The level of current illicit drug use among people age 55 to 59 more than doubled from 1.9 percent in 2002 to 4.1 percent in 2007.

Marijuana was the most commonly used illicit drug (14.4 million past-month users). Among people age 12 or older, the rate of past-month marijuana use in 2007 (5.8 percent) was similar to the corresponding estimates for 2005 and 2006.

Current marijuana use among youth age 12 to 17 declined from 8.2 percent in 2002 to 6.7 percent in 2007. Most of the decline occurred between 2002 and 2005.

NSDUH is a scientifically conducted annual survey of approximately 67,500 people throughout the Nation. It is a primary source of information on the levels of illicit drug, alcohol, and tobacco use as well as certain mental health conditions. Because of improvements to the survey in 2002, the 2002 data constitute a new baseline for tracking trends.

Complete NSDUH findings are available on the SAMHSA Web site.


Grant Awards Announced

SAMHSA recently announced grant awards for programs related to children's mental health, suicide, drug-free communities, and others.

Grant Awards Update

  National Survey on Drug Use  
  and Health  

Youth Substance Use Declines

From the National Survey on Drug Use and Health, new national data show a drop in illicit drug use among youth and an increase in adult prescription drug misuse.

image of part of a bar chart

Drugs and Youth: Chart Shows 2002 to 2007 Data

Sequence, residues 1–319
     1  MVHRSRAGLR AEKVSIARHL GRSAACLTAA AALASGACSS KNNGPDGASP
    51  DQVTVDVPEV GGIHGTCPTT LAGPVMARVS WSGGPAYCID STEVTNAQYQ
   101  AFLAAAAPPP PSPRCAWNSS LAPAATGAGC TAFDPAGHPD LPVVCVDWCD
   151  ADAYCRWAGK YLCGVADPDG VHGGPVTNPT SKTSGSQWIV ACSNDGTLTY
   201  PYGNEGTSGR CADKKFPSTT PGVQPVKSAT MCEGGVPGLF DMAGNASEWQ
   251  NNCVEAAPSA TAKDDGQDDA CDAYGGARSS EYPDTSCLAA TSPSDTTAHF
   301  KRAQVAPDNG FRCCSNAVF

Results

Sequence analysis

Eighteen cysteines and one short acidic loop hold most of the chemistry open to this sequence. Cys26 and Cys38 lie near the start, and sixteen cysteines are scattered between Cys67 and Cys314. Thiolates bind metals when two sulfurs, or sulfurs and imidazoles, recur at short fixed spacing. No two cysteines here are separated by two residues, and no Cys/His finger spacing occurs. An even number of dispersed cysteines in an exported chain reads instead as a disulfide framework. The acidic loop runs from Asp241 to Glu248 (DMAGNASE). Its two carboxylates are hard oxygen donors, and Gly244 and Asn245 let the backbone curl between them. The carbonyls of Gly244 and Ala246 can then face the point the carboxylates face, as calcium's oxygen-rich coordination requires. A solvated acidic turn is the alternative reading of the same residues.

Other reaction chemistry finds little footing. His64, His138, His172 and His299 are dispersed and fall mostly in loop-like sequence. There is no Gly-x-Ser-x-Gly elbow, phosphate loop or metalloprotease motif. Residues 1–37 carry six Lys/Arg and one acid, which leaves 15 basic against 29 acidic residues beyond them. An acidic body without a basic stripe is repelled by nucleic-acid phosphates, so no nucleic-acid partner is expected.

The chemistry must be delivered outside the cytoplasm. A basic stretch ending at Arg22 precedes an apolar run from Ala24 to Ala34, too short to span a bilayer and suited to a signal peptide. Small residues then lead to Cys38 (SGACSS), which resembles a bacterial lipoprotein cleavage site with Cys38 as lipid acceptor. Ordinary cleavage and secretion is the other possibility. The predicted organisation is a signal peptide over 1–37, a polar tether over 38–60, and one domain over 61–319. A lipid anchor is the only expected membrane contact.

Marijuana, cocaine—changes in use of selected illicit drugs among youth, 2002 versus 2007.

logo for National Alcohol and Drug Addiction Recovery Month

Recovery Month Testimonials

Two people relate their personal stories of addiction, recovery, and hope.

  Mental Health  
photo of a hand holding a pen to paper

Making Mental Health Services Accessible

Can primary care doctors help with mental health problems? New strategies to overcome barriers associated with reimbursement.

the letter i depicted as an icon representing a friend to lean on

Pros and Cons of Self-Disclosure

What are the risks and benefits of revealing a mental health problem to friends or coworkers?

photo of a boy pointing and a girl laughing

Bullying: Starting the Conversation

Bullies are out there—SAMHSA resources can help parents and educators address the problem.

  Substance Abuse  
photo of people sitting in a circle

Mutual Support Groups: Fact Sheet for Providers

What do you know about mutual support groups? Providers can help connect clients with groups that help people achieve recovery.

photo of a sign reading “Repeated Admissions Start Line Here”

First-Time Versus Repeat Admissions

New SAMHSA data reveal characteristics of first-time and repeat admissions to substance abuse treatment.

SAMHSA’s National Registry of Evidence-based Programs and Practices

Registry Posts 100th Evidence-Based Practice

NREPP reaches a milestone—find out how the Registry can link communities to interventions specific to their needs.